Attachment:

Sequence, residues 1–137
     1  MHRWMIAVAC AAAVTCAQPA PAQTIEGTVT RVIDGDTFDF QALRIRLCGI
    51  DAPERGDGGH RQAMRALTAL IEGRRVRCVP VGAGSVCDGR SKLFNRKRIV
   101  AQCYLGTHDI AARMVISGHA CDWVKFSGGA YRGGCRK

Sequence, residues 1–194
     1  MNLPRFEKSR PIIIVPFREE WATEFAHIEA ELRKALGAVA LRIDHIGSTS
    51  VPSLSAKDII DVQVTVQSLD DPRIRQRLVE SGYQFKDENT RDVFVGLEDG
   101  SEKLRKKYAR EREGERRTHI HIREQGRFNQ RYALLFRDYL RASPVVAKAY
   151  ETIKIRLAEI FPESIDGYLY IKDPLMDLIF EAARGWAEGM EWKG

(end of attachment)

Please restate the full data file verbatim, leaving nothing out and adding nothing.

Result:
Sequence, residues 1–137
     1  MHRWMIAVAC AAAVTCAQPA PAQTIEGTVT RVIDGDTFDF QALRIRLCGI
    51  DAPERGDGGH RQAMRALTAL IEGRRVRCVP VGAGSVCDGR SKLFNRKRIV
   101  AQCYLGTHDI AARMVISGHA CDWVKFSGGA YRGGCRK

Sequence, residues 1–194
     1  MNLPRFEKSR PIIIVPFREE WATEFAHIEA ELRKALGAVA LRIDHIGSTS
    51  VPSLSAKDII DVQVTVQSLD DPRIRQRLVE SGYQFKDENT RDVFVGLEDG
   101  SEKLRKKYAR EREGERRTHI HIREQGRFNQ RYALLFRDYL RASPVVAKAY
   151  ETIKIRLAEI FPESIDGYLY IKDPLMDLIF EAARGWAEGM EWKG